A Joint Research Team in Chemistry & Nanoscience Published a Research Paper In Nature Communications
A joint research team led by professor Kim Dong Ha and Hyun Jerome Kartham in Chemistry & Nanoscience of the College of Natural Sciences achieved the world’s highest resolution by realizing highly saturated structural colors, and published this research outcome in the prestigious academic journal Nature Communications.
Structural colors, which are produced by interference of light due to structured surfaces, have recently drawn drastic attention thanks to its eco-friendly and harmless attributes. In particular, the structure of structural colors, though smaller than the wavelength of light, has the ability to display colors and thus can become tens of thousands of times smaller in size than commercial display pixels.
While the existing method of miniaturizing pixels resulted in desaturation of colors, the joint research team led by professor Kim Dong Ha and Hyun Jerome Kartham succeeded in miniaturizing pixels of structural colors based on a new mechanism of reduced scattering of metals, rather than on the metal absorption, leading to the realization of ultrahigh resolution and color saturation.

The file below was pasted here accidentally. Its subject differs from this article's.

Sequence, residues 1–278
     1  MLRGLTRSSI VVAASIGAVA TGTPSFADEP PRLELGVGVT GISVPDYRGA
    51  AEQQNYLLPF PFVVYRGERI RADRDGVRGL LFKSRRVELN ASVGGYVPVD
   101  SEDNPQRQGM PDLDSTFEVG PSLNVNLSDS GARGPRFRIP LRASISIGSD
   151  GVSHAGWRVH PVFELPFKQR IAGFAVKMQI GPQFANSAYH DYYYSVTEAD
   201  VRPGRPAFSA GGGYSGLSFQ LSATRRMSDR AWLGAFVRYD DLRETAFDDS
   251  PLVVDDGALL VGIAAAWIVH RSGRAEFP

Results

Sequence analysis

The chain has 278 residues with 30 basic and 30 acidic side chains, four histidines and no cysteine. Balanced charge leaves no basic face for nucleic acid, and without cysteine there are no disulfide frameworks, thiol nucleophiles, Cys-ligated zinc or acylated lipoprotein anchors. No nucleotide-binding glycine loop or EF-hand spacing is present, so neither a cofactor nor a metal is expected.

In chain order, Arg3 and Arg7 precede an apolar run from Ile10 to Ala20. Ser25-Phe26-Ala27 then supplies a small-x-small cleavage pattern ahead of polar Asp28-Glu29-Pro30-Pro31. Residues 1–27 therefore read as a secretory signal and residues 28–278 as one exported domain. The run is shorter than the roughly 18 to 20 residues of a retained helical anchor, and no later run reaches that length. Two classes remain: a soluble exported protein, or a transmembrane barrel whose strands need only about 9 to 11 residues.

These features are well suited for snapshot hyperspectral imaging camera that requires ultrahigh resolution. Also, this research can be applied to cryptography and advanced display thanks to dramatically increased data storage space.
Published in Nature Communications on October 21, the paper titled “Ultrahigh Resolution and Color Gamut with Scattering-Reducing Transmissive Pixels” was written by two lead authors including researcher Lee June Sang and Park Ji Yeon in her master’s program, and two corresponding authors including professor Kim Dong Ha and Hyun Jerome Kartham.